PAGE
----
Aortic, hepatic and renal artery aneurysms in autosomal dominant polycystic kidney disease
[To cite: Kumar D, Mishra H, Prasad U. Aortic, hepatic and renal artery aneurysms in autosomal dominant polycystic kidney disease. Natl Med J India 2022;35:372–3.]
A 55-year-old woman, known case of autosomal dominant polycystic kidney disease (ADPKD), presented with generalized weakness, episodic haematuria and occasional dyspnoea for a few days. On echocardiography, aneurysm of the arch of aorta was suspected. She had a CT angiography of the thorax and abdomen vessels, which showed features of ADPKD with bilateral enlarged kidneys and multiple cysts in the kidney and liver parenchyma (Fig. 1). CT angiography showed aneurysm of the arch of aorta (measuring 3.3 cm) (Fig. 2) and two small aneurysms in the left hepatic artery (measuring 9×9 mm and 7×7 mm) and a small aneurysm in the intrarenal branch of the left renal artery (Figs 3 and 4). The right renal artery was seen to originate at the level of the superior mesenteric artery (Fig. 5).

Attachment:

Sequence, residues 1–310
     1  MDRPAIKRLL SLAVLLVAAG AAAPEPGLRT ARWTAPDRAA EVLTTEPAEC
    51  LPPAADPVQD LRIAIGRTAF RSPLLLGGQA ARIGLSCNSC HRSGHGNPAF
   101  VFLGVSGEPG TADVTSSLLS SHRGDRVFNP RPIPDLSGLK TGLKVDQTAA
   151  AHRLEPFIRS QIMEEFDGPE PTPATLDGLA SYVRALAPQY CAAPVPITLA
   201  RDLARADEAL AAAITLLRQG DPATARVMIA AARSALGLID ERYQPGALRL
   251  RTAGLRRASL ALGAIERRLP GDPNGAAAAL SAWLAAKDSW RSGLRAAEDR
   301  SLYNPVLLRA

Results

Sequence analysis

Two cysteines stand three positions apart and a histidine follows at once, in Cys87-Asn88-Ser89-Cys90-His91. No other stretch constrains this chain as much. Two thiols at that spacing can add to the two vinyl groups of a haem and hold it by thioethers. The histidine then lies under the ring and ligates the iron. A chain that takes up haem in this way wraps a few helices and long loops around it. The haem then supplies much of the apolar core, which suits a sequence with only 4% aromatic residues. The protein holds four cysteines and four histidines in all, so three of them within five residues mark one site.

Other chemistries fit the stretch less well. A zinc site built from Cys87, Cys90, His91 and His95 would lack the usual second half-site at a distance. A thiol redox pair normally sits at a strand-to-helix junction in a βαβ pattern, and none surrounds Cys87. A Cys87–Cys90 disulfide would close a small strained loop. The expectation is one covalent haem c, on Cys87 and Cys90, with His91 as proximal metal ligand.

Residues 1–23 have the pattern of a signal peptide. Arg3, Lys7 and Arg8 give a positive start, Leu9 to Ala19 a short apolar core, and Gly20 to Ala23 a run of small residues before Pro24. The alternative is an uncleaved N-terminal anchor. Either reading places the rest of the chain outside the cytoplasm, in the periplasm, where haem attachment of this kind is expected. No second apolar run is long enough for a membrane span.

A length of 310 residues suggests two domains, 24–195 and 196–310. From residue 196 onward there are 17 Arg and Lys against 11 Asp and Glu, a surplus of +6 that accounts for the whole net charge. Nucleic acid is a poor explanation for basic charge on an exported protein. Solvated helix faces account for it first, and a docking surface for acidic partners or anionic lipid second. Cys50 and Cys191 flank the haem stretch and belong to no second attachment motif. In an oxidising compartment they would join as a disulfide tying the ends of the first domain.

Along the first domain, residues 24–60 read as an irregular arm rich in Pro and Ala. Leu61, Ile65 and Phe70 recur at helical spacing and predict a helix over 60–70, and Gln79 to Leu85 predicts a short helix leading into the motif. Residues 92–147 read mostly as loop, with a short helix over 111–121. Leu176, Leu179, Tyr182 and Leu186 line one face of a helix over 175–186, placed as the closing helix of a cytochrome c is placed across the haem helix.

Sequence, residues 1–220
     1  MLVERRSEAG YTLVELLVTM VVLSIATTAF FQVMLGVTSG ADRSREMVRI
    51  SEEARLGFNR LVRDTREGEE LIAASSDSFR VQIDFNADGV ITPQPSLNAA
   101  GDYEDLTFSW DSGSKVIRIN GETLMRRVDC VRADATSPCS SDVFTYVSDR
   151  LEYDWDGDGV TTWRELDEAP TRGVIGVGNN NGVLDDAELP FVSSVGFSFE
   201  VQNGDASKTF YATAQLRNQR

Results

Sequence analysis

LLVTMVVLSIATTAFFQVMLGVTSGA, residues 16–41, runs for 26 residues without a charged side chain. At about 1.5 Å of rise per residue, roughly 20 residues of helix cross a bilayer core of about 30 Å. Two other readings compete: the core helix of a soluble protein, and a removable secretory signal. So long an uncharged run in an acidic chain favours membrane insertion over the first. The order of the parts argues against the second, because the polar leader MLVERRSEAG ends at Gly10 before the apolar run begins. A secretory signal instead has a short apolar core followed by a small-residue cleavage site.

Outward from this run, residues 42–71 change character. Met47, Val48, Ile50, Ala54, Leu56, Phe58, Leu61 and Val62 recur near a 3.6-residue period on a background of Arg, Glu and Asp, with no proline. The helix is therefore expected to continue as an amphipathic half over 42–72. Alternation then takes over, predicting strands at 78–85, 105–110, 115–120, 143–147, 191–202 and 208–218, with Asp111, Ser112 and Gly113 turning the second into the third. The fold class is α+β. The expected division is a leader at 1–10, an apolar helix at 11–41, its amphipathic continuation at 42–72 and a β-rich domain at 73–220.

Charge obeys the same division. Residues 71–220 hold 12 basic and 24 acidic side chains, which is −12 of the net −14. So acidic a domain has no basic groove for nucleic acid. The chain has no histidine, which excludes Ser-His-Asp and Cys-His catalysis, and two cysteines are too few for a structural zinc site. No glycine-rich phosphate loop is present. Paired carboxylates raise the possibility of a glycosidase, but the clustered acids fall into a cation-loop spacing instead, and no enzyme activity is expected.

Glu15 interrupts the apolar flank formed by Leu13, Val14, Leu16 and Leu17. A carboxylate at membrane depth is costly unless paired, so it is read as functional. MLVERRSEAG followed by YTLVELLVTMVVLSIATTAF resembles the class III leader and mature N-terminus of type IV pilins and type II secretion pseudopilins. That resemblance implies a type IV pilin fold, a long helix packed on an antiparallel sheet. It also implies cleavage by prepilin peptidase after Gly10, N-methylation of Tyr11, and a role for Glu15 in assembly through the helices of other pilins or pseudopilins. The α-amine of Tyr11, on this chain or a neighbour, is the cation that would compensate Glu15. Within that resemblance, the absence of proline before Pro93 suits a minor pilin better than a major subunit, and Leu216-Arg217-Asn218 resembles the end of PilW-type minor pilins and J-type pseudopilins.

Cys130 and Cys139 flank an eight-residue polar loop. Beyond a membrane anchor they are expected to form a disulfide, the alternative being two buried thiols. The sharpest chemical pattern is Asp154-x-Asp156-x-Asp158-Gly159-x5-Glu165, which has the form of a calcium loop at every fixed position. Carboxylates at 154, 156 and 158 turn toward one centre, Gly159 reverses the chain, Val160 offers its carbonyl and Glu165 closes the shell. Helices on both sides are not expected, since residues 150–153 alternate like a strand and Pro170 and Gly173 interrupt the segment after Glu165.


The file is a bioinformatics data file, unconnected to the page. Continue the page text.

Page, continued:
ADPKD is a major cause for end-stage renal disease and the presenting complaints are vague abdominal discomfort, haematuria, hypertension and urinary tract infection.1 Radiologically, numerous cysts are seen in the kidneys, liver, pancreas, spleen and seminal vesicle. Extra-renal manifestations of the disease include central nervous cysts, cardiac complications (mitral valve prolapse), diverticular disease, decreased fertility in men and aneurysmal malformation of the blood vessels.2,3 Intracranial aneurysms occur in about 6% to 20% of ADPKD patients and have a higher risk of subarachnoid haemorrhage. Aneurysms are also seen in the aorta, popliteal, splenic and coronary arteries.3 We have not been able to find published data regarding hepatic and renal artery aneurysms in ADPKD patients.
Conflict of interest
- Harrison’s Principles of Internal Medicine. Vol Vol II. New York: McGraw Hill; 2015. p. :1850.
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